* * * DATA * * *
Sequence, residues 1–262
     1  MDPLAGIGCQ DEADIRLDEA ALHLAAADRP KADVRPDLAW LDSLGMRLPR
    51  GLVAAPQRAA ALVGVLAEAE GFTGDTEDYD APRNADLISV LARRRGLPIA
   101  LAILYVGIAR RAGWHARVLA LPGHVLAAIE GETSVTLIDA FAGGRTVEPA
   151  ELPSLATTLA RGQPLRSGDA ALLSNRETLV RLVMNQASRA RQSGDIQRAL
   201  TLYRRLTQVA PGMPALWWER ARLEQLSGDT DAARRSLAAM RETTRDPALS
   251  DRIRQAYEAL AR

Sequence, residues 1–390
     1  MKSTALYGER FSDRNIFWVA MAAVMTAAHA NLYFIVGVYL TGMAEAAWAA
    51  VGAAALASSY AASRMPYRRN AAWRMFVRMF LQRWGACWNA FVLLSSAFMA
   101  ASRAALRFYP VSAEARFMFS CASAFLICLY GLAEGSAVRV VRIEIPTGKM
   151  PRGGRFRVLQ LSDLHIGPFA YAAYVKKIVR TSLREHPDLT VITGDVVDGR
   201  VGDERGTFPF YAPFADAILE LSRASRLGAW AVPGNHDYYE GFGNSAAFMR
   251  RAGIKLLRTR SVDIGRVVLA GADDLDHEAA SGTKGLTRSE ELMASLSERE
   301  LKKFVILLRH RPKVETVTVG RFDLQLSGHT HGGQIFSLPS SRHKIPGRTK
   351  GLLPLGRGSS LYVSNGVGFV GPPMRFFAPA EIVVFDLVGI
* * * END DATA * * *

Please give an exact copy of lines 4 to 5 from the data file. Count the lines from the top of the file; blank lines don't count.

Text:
   101  LAILYVGIAR RAGWHARVLA LPGHVLAAIE GETSVTLIDA FAGGRTVEPA
   151  ELPSLATTLA RGQPLRSGDA ALLSNRETLV RLVMNQASRA RQSGDIQRAL